Step 3. What does the graph f look like?

Depending on that constant of integration it might more than one turning point. Since the test should work for any graph that double differentiates to f'', I'll just try integrating the f' function.

http://i.imgur.com/d03BPqo.gif

f'' is negative in the interval (1,3) . To establish whether the graph is downwardly concave in this interval it is necessary to determine the exact position of the points of inflexion.

For f', the gradient is negative from 1 to 3 so that seems to confirm the concavity.

In the interval (-3,-2) the gradient is similarly negative. I think that is it although my head is aching so much I'll have to come back to this later to check what I'm saying.

Bob

Yeah but how do you do it on the go? Khan says that it can be solved by looking at the graph.

**mathgogocart**- Replies: 4

http://prntscr.com/9w849a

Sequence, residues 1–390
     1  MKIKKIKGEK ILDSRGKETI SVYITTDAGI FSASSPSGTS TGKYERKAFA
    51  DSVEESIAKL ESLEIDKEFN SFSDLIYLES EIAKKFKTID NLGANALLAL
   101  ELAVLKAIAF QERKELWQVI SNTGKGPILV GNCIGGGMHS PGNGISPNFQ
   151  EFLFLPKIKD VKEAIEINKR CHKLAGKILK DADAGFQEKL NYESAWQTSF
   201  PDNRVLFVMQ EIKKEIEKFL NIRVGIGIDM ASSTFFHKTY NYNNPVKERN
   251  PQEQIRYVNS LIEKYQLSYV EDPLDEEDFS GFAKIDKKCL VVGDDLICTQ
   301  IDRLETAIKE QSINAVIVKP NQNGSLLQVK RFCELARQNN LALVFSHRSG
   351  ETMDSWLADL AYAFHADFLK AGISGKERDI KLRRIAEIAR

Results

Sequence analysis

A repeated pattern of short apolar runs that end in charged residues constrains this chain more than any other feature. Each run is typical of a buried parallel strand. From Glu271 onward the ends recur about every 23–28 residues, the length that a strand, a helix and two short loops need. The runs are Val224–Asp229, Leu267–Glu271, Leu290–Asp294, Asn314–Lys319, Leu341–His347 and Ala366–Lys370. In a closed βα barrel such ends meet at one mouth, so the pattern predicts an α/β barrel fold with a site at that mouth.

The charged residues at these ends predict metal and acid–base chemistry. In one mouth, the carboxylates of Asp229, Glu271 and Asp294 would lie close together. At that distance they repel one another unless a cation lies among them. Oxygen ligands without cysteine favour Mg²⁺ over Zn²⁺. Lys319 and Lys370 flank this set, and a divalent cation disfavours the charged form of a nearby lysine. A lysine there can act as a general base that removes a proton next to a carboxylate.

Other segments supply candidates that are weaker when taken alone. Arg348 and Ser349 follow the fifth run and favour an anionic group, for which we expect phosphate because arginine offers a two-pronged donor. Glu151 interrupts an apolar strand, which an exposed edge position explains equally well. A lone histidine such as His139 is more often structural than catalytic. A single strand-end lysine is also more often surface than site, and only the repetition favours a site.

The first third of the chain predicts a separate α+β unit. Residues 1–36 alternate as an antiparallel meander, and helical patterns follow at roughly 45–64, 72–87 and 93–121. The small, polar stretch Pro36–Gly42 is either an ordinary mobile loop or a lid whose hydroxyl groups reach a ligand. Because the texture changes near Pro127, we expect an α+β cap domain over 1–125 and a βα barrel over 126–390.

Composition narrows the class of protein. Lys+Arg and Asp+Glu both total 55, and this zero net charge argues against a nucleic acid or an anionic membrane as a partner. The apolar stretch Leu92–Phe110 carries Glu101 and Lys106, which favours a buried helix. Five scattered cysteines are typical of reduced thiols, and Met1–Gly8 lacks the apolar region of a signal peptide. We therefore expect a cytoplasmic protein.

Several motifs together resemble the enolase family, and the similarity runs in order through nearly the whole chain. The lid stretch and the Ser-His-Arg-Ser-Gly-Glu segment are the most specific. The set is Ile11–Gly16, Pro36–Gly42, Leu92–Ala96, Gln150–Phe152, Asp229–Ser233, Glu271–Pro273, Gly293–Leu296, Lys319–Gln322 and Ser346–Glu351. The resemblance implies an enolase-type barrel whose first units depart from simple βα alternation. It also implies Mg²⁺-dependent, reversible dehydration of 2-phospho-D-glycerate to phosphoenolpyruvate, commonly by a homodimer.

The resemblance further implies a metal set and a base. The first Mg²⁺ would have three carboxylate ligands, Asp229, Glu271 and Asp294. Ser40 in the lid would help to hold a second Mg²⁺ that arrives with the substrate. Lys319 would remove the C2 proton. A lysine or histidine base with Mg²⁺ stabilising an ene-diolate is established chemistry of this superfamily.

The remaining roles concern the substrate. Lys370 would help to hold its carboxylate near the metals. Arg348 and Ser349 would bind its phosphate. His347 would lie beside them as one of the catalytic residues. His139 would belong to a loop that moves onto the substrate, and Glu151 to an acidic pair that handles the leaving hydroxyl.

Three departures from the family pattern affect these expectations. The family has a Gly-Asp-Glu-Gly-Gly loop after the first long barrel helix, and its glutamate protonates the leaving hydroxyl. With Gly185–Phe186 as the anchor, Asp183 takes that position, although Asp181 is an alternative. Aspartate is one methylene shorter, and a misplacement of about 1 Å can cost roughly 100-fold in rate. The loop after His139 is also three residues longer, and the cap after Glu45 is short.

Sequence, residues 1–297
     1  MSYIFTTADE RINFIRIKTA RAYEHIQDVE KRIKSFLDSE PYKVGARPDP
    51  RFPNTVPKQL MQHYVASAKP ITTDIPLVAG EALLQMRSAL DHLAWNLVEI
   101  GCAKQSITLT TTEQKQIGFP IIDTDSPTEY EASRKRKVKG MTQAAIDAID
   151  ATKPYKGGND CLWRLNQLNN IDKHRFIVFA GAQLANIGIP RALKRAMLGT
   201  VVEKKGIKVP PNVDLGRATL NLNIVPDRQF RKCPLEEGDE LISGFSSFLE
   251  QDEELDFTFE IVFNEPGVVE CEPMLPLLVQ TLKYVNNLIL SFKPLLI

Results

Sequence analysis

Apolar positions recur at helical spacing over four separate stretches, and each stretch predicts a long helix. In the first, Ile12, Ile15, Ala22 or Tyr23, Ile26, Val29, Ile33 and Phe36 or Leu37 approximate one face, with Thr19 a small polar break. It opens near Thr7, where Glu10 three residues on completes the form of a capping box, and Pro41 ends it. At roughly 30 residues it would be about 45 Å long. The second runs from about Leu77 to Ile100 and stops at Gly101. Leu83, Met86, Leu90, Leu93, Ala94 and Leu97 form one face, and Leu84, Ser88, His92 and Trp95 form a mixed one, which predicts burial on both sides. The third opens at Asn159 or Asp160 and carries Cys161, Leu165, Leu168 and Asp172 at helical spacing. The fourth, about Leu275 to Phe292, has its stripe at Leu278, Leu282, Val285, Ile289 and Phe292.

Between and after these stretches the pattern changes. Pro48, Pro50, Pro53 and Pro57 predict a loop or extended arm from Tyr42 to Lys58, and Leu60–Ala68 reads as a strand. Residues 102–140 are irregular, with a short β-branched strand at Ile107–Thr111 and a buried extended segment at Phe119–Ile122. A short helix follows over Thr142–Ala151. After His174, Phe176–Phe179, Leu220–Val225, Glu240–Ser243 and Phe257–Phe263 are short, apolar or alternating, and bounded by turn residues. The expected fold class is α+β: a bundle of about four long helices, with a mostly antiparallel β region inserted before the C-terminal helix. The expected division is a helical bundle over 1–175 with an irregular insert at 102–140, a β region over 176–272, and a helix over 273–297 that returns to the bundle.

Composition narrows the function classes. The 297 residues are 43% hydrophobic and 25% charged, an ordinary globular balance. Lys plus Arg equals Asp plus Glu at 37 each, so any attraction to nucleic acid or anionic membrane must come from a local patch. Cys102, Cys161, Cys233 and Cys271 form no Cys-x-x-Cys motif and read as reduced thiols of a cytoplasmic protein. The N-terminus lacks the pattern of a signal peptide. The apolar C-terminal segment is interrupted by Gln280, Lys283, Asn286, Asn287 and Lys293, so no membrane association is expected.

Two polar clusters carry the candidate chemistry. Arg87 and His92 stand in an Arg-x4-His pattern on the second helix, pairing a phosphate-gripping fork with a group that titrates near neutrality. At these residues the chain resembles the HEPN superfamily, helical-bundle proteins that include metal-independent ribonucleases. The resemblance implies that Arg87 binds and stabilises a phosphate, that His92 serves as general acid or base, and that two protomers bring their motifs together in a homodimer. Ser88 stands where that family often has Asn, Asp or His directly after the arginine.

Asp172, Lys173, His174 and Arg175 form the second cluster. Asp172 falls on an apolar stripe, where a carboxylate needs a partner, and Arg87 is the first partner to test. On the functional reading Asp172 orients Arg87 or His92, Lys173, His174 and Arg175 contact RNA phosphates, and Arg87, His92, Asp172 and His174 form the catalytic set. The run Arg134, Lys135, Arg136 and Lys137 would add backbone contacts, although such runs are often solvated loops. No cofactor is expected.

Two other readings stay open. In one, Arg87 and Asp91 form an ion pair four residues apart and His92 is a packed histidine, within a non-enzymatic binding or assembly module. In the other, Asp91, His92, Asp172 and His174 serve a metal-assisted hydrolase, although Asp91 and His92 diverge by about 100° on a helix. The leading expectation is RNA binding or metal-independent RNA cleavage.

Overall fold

http://prntscr.com/9w846x Would I be correct on this? Also how do you tell wether a (-infinity,-3) is concave up or down

bob bundy wrote:

hi mathgogocart

I had to look up concavity as I'd not met it before. Here's a link:

https://www.math.hmc.edu/calculus/tutor … condderiv/

You graph may be divided into 5 sections: (1) up to -3 (2) -3 to -1 (3) -1 to +1 (4) +1 to +2 (5) above + 2

From that page it would seem that the function is concave upwards for (2) and (4) and concave downwards elsewhere. Hope that helps,

Bob

ps. The theorem only applies to open intervals as f'' is zero at the 4 points.

pps. If you attempt a sketch of the f' graph you will see that, for example, in the interval -3 to -1, the gradient is increasing meaning the f graph is concave upwards.

Thank you!

**mathgogocart**- Replies: 2

-3 to -1 seems to be downwards(concave) so I chose that

1 to 2 is also downward(concave)

and 2 to ∞ is downwards

Am I right?

**mathgogocart**- Replies: 3

Ok so I was just brushing up algebra skills for the test next week and I ran in a bump with this problem.

2. The perimeter of a rectangle is 48m. The width of the rectangle is 2 more than half the length. Find length and width.

So I set up these 2 equations

2l+2w=48

and

2w-4=l

(solved from w=l/2+2)

and got this

2(2w-4)+2w=48

4w-8+2w=48

6w-8=48

6w=56

w=28/3

Is this wrong because all the awnsers said they were integers..?